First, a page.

By Pat Harty
IOWA CITY, Iowa – The annual showdown between Iowa and Iowa State in football is under attack again from those who feel the series should be discontinued, or at least not played every year.
It comes as part of the fallout from this past Saturday’s game in Ames that has since been tarnished by the alleged mistreatment of members of the Iowa Marching Band.
Iowa Athletic Director Gary Barta and Iowa State Athletic Director Jamie Pollard issued a joint statement on Wednesday in which they asked fans from both schools to show more respect to each other.
Unfortunately, that is much easier said than done when you factor in alcohol consumption, late-afternoon kickoffs, cramped conditions and that both fan bases don’t really like each other.
Combine all of those things with high humidity and two weather delays that last for nearly three rain-soaked hours, as were the circumstances in Ames this past Saturday, and you have a recipe for trouble.
The presence of ESPN GameDay also added to the unrest because fans reportedly were allowed to start tailgating at 5 a.m. in preparation for the 3:05 p.m. kickoff.
It seems almost inevitable that trouble would occur when you allow fans from both schools to start tailgating, which is another word for consuming alcohol, 10 hours before kickoff on a steamy late-summer day.
But instead of over-reacting and pushing for the series to end, just have the game start no later than noon, assuming that would be possible in this age when television contracts seem to determine everything.
And though it would dramatically reduce the amount of time to tailgate, it would also reduce the amount of time for trouble and mishap to occur.
Most of the fans from both schools who attend the game, or who just tailgate before and after the game, are well-behaved and can handle their alcohol consumption.
But it only takes a tiny minority to disrupt the peace and to turn something fun into something dangerous and unacceptable.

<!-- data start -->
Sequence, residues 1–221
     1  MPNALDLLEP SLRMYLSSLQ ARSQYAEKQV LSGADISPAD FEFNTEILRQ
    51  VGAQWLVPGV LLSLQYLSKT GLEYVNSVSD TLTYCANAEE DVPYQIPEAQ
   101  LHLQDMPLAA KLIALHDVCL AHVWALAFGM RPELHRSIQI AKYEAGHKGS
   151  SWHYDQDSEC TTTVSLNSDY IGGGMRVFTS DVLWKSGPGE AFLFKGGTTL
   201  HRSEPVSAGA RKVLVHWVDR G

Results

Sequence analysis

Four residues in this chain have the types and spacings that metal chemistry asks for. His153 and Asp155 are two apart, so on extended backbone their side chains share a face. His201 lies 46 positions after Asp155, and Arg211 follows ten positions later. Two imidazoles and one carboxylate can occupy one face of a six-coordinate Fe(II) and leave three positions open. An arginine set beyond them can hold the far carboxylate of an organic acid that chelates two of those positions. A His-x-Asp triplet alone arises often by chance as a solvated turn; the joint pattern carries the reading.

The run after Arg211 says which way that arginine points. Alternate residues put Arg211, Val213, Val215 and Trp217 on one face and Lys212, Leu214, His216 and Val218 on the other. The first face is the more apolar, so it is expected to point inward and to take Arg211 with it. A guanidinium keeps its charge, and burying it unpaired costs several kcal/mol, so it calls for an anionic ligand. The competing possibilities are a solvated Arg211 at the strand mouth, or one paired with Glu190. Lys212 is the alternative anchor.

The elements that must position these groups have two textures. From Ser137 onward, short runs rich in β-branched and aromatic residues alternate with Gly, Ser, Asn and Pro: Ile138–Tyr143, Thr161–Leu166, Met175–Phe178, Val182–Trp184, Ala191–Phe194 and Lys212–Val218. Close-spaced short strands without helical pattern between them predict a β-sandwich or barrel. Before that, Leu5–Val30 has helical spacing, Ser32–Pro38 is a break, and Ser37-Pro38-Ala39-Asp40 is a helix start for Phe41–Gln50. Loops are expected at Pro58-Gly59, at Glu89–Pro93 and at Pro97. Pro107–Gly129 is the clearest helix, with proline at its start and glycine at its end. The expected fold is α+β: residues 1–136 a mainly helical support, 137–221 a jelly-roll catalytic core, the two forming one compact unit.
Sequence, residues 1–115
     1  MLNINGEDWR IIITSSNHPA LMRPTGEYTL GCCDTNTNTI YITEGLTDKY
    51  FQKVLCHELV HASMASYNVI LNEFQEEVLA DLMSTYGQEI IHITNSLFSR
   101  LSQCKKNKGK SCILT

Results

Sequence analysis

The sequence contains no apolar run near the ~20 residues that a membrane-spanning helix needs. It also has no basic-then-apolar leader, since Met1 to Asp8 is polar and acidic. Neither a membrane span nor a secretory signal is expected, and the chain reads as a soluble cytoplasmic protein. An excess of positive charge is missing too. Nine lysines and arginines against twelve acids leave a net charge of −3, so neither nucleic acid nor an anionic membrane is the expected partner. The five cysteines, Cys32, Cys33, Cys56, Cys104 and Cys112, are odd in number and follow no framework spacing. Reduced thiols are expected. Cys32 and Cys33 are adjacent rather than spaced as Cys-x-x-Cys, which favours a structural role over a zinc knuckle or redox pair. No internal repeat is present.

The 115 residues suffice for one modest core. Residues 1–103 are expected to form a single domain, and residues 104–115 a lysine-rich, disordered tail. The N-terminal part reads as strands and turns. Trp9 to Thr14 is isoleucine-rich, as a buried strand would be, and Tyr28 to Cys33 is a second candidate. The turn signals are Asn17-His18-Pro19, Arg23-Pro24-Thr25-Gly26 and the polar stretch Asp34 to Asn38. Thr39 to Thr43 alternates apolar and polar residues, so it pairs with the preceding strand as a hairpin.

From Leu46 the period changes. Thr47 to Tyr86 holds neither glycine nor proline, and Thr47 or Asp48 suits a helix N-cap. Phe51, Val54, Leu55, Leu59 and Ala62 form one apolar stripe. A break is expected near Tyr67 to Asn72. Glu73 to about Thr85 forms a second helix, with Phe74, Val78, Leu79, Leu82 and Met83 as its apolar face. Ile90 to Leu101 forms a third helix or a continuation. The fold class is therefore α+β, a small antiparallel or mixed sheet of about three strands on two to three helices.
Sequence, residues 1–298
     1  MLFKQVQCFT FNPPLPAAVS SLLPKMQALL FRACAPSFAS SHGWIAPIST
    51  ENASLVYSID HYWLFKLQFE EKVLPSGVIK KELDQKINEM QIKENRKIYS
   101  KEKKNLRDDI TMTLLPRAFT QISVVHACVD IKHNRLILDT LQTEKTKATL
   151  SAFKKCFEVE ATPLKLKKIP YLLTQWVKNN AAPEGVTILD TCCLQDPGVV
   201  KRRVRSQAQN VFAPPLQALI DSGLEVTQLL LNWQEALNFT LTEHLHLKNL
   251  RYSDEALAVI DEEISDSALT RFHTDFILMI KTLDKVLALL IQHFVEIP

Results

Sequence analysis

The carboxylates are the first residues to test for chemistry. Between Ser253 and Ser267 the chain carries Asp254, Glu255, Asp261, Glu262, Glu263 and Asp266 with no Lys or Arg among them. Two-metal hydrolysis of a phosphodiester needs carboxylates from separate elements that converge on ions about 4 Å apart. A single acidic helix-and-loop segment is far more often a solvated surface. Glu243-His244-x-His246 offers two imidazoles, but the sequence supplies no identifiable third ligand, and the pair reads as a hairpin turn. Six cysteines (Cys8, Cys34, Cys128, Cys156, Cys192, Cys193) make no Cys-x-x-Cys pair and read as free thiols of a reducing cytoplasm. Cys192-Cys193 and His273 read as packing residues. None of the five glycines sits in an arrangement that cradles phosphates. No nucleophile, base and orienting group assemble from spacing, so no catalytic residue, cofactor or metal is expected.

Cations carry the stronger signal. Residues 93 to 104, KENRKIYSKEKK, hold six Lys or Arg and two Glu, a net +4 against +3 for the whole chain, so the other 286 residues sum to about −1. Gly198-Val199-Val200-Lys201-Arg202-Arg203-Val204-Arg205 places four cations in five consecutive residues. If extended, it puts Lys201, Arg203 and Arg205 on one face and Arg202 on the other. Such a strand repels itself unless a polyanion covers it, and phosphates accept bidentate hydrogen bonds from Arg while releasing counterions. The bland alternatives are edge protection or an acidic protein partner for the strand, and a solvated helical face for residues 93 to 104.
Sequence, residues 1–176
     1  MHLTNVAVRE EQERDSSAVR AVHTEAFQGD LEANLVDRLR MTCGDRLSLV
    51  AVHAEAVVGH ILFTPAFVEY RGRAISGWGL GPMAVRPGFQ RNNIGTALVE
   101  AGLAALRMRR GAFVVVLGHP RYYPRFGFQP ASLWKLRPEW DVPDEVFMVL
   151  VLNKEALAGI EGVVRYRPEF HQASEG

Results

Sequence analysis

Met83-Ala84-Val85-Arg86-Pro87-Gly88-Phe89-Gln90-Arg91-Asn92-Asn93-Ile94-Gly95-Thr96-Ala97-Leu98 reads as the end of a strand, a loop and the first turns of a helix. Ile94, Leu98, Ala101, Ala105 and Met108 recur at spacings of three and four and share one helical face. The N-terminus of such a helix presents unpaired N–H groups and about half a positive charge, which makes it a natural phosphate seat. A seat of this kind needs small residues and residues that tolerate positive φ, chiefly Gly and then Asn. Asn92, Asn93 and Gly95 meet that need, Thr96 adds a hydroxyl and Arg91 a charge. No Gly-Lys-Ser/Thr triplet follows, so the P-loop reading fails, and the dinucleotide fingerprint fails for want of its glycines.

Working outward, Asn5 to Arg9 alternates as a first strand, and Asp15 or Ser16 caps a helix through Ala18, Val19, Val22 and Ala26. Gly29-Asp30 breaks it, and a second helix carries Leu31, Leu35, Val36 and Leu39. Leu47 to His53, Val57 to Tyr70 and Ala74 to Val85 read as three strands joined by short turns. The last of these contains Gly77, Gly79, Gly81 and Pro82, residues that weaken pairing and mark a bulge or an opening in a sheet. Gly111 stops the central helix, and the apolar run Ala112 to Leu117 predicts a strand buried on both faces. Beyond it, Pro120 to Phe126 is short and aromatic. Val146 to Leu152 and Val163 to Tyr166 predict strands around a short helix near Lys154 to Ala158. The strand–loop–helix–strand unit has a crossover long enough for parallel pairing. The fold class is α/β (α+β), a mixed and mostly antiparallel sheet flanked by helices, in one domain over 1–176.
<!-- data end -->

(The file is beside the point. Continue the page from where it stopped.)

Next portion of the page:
Telling fans from your instate rival that their team stinks is one thing, but assaulting fans from your instate rival is beyond any acceptable behavior under any circumstance.
Those who cross that line should be punished or charged depending on the extent of their behavior.
I strongly believe that Iowa and Iowa State should play on an annual basis because the state of Iowa should be proud to have two power five programs from two different conferences, especially considering Iowa’s low population.
Minnesota, Nebraska, Wisconsin and Missouri can’t make that claim.
But on the other hand, the game can’t be a reason for fans to lash out at each other.
There has to be some civility and restraint, or you risk having chaos in a crowd.
It’s unfortunate that Iowa’s hard-fought 18-17 victory this past Saturday will be overshadowed by the weather delays and by the controversy involving the Iowa Marching Band.
Because it was an exciting game between two pretty good teams that have fans optimistic about their potential.
But trouble was bound to happen once the kickoff to this game started to get pushed back to later in the afternoon to appease television.
An earlier kickoff certainly wouldn't fix everything, and would shorten the time to tailgate.
But starting the game no later than noon would reduce the alcohol-related risks that occur whenever these teams meets.
Those who would prefer that the series be discontinued, or just not played every year, say they're bored with the game, and some Iowa fans still believe it's a no-win situation for the Hawkeyes, even with Iowa State on the rise under head coach Matt Campbell.
There is also this belief that if Iowa stopped playing Iowa State every year that other power five teams would line up at the door of Iowa Athletic Director Gary Barta to schedule a series with the Hawkeyes.
That thinking seems naive and presumptuous, and it would have to be a home-away series in almost every case. But it seems highly unlikely that Kirk Ferentz would want to owe any power five program from out of state a nonconference road game at this stage of his career.
What happened this past Saturday in Ames was unfortuante and disturbing, but not a reason to stop the series, or to even take a break in the series, which has contract through the 2024 season.
It's just time to recognize that the later this game starts in the day, trouble is more likely to occur.